If you owe a debt to Canada Revenue Agency and you are unsure whether the limitation period has passed, get in touch with our expert Canadian GST/HST Tax Lawyers. Our tax law firm can assist you with dealing with Canada Revenue Agency collectors who can be very aggressive with their collection actions. Effective planning and strategy is necessary at all stages of the tax dispute process. Our Canadian tax law firm can give you the counsel and representation that you need to be successful in your dispute, negotiation and settlement with the CRA at each stage of the process, and help ensure you are not paying the CRA more than it is legally entitled to.
Nathaniel completed his Juris Doctor degree at Osgoode Hall Law School and is our senior associate. He articled with us in 2014 and was called to the bar in 2015. He successfully completed all of the requirements of Osgoode’s Taxation Law Curricular Stream
Kevin earned his Juris Doctor from Osgoode Hall Law School and became an articling student in 2017. He has been with us as a tax lawyer since his call to the bar in 2018.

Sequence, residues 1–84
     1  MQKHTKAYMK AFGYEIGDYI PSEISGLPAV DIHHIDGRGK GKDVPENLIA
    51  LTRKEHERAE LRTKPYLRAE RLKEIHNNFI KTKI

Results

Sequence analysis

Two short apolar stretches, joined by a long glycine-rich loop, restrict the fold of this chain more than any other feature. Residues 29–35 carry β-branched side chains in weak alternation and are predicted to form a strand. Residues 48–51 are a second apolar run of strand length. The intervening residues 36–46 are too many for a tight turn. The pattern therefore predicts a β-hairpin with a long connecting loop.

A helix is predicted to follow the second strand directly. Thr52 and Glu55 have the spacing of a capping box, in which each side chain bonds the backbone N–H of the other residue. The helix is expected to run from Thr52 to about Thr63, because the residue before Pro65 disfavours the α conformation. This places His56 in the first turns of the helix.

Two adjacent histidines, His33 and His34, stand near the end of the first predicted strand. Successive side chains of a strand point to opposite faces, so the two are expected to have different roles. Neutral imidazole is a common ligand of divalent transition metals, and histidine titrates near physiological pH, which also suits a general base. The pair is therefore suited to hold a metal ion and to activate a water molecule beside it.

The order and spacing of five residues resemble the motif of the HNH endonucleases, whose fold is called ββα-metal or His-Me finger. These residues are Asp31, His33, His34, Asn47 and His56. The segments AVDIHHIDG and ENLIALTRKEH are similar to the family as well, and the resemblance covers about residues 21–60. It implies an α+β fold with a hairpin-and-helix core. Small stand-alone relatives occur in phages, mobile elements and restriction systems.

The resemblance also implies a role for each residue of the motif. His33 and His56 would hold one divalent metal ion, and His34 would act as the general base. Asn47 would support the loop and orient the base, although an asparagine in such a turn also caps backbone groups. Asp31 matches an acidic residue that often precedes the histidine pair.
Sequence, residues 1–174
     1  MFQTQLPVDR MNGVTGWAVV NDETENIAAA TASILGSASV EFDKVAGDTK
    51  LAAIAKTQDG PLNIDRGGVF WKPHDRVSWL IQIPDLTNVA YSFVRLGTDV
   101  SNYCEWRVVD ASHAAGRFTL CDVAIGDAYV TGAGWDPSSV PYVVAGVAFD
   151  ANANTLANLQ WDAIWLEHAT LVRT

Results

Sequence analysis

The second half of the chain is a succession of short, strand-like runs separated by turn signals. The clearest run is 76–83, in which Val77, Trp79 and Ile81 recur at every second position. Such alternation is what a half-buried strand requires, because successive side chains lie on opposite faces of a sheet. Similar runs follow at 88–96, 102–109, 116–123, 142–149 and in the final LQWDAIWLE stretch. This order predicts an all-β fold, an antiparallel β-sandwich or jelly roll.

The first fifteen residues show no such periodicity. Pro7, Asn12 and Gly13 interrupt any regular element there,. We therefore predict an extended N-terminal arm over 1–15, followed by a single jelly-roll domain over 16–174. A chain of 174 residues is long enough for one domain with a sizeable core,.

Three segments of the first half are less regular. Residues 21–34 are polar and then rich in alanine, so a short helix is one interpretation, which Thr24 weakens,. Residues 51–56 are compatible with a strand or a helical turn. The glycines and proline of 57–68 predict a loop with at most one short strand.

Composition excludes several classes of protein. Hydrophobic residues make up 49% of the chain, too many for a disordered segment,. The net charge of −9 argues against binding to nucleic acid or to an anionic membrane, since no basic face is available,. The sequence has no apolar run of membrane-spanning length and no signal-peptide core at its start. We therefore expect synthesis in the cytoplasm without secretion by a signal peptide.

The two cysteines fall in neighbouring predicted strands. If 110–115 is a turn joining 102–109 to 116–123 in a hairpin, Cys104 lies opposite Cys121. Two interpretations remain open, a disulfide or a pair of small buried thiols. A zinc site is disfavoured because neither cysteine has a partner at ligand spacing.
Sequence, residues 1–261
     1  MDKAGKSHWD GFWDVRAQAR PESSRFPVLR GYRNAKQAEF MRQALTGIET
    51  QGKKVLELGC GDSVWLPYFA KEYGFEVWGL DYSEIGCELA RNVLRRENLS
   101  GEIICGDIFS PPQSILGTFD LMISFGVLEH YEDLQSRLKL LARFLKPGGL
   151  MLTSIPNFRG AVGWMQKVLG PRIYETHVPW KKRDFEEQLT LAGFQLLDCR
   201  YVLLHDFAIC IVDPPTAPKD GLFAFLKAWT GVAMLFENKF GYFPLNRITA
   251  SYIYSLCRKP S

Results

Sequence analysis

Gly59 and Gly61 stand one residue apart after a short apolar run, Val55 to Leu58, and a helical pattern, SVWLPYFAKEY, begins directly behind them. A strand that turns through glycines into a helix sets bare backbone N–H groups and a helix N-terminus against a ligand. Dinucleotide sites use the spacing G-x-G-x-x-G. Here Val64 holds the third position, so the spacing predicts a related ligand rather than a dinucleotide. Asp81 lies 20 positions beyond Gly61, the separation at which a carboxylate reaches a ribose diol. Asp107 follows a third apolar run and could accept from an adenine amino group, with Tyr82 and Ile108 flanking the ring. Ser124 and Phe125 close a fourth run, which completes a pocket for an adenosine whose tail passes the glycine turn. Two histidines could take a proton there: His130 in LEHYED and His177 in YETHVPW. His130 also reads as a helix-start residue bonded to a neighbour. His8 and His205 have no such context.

Ian Thomas joined our Toronto tax law firm as an articling student (student at law) in July 2016 and stayed with us upon becoming a Canadian tax lawyer in June 2017. Ian earned his Juris Doctor from Osgoode Hall Law School and graduated in 2016.
Ildi has joined the law firm of Rotfleisch & Samulovitch PC in June, 2000 and brings over 25 years of legal secretarial experience to the firm. She started as a Legal Secretary and after obtaining Certificates from The Institute of Law Clerks of Ontario
Jason earned his undergraduate degree at Wilfrid Laurier University with a History and Classics Double Major with an English Minor and joined our team as a paralegal in 2018.
Denise is our first responder who cheerfully answers the phones and generally interfaces with clients. She has been with us since 2016.
Paul Zhang was a summer student with us in 2018 and joins us as an articling student in 2019.
Jamin Chen joined our tax law firm as an articling student in September 2016 after earning his Juris Doctor from Allard Hall at the University of British Columbia and continued to practice tax law with us after his call to the bar in 2017.